The risks were enormous. In the seventeenth century, the journey could take upwards of eight months in a leaky little ship about the size of two double decker buses. Boats were shipwrecked, blown to smithereens by hurricanes (descriptions by some of the survivors are absolutely terrifying), attacked by pirates, as happened to Elizabeth Marsh, and even by the French, who were at war with Britain on and off throughout most of the eighteenth century, and whose quarrels frequently played out on the subcontinent as well as in Europe and in America. Charlotte Hickey, travelling to Calcutta in 1782, experienced both of these on the same journey. Her storm-battered boat, the Rayhna de Portugal, limped into harbour at Trincomalee in present day Sri Lanka, where, having lost everything other than the clothes she stood up in, she was promptly taken captive by the French and held prisoner for several weeks. Luckily for her, she was an extremely beautiful courtesan, and her chivalrous captors soon let her go.
Another huge challenge, both on land and at sea, was sickness and disease. Epidemics such as cholera and ‘the bloody flux’ (dysentery) could rip through a ship with disastrous consequences. There are descriptions of vessels sailing into harbour like ghost-ships, with every person on board either dead or dying. It was not an undertaking for the faint-hearted.
What would have been the pros and cons for travelling east rather than west in this era?
Again, much depends upon the particular period in which they went, and what their motives were. Women who went west to America did so in the main as emigrants, by which I mean that they did not intend to come back. They went to escape religious persecution, and after the Revolutionary War, to be part of a society that they believed to be free from the tyrannies associated with Old World monarchy. They encountered a native civilization that was sophisticated in ways that they did not understand, but technologically speaking no match for their own. They had absolutely no scruples about displacing the Native Americans and taking their land, by force when necessary.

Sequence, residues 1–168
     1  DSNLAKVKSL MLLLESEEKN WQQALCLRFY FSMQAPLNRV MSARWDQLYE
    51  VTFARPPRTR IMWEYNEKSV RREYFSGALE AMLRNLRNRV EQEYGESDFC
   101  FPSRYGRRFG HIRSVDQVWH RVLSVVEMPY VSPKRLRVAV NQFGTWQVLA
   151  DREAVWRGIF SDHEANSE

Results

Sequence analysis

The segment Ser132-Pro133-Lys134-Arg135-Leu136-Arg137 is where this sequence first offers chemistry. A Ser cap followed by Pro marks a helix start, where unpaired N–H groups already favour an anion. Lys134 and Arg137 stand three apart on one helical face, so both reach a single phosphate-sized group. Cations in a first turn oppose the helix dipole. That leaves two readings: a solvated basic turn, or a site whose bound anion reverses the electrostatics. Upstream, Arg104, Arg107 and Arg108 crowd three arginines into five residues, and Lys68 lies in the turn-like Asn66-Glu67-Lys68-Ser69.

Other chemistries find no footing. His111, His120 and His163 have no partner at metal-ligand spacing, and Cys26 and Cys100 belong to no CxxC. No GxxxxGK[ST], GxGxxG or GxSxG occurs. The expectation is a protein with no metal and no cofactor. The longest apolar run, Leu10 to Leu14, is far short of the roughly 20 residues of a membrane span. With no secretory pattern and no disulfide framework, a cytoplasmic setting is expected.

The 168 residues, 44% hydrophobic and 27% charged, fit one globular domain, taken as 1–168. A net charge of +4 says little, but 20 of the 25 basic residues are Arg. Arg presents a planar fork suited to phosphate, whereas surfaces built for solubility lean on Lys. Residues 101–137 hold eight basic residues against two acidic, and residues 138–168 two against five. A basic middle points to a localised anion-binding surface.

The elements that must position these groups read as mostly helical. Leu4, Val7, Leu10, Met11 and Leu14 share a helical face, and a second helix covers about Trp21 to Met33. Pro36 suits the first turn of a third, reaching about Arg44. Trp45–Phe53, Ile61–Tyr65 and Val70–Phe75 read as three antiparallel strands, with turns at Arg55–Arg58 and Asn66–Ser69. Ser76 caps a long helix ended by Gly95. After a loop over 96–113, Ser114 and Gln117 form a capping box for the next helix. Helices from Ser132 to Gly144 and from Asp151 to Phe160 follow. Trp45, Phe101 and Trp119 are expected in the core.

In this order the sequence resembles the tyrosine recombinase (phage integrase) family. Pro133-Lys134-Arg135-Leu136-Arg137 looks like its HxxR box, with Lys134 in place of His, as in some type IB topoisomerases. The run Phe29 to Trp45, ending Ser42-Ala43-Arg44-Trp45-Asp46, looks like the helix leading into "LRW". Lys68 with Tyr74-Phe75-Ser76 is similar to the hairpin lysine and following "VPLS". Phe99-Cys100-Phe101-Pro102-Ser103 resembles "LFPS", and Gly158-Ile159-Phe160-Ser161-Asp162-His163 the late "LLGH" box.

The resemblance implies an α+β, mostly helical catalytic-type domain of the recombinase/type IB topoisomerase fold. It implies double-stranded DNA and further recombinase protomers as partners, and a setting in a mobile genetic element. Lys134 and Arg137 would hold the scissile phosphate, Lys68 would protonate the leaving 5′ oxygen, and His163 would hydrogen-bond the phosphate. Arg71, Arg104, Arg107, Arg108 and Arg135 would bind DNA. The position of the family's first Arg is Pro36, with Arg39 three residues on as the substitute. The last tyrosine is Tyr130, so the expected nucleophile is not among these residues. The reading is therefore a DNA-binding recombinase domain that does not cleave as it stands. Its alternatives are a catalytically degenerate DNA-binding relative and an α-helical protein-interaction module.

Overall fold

By contrast, women who went to India, especially the ones who accompanied husbands in their various capacities working for the East India Company, almost all believed that they would be going home again at some point. They might have wanted advancement, both for themselves and for their families, but it was advancement of the kind that they could take home with them, such as status and money. As individuals, they were not land hungry in the same way that American emigrants were. While the best of them came to be highly appreciative of Indian art, culture and philosophy, they were at the same time part of an Empire building project which ultimately devolved into the hands of the British Crown.
There were pros and cons to both scenarios, but the psychology was very different.
What was the lasting legacy of these women in the region?
For better or for worse, women were instrumental in creating the British society that, by the mid-nineteenth century, ruled either directly or indirectly over almost the whole of the Indian subcontinent. No-one today could see this as anything other than a cause for regret, but it would be anachronistic to think that the women themselves would see it that way. Most of them truly believed that they were doing good by being there.
The areas in which women really did do lasting good, and have an honourable legacy, are in education, particularly education for girls, in which they were very active indeed, and also, in later years, as nurses and doctors. Since no Indian woman would have thought it proper to be treated by a man (other than through a hole in a purdah curtain) this was an area which created many opportunities for British women.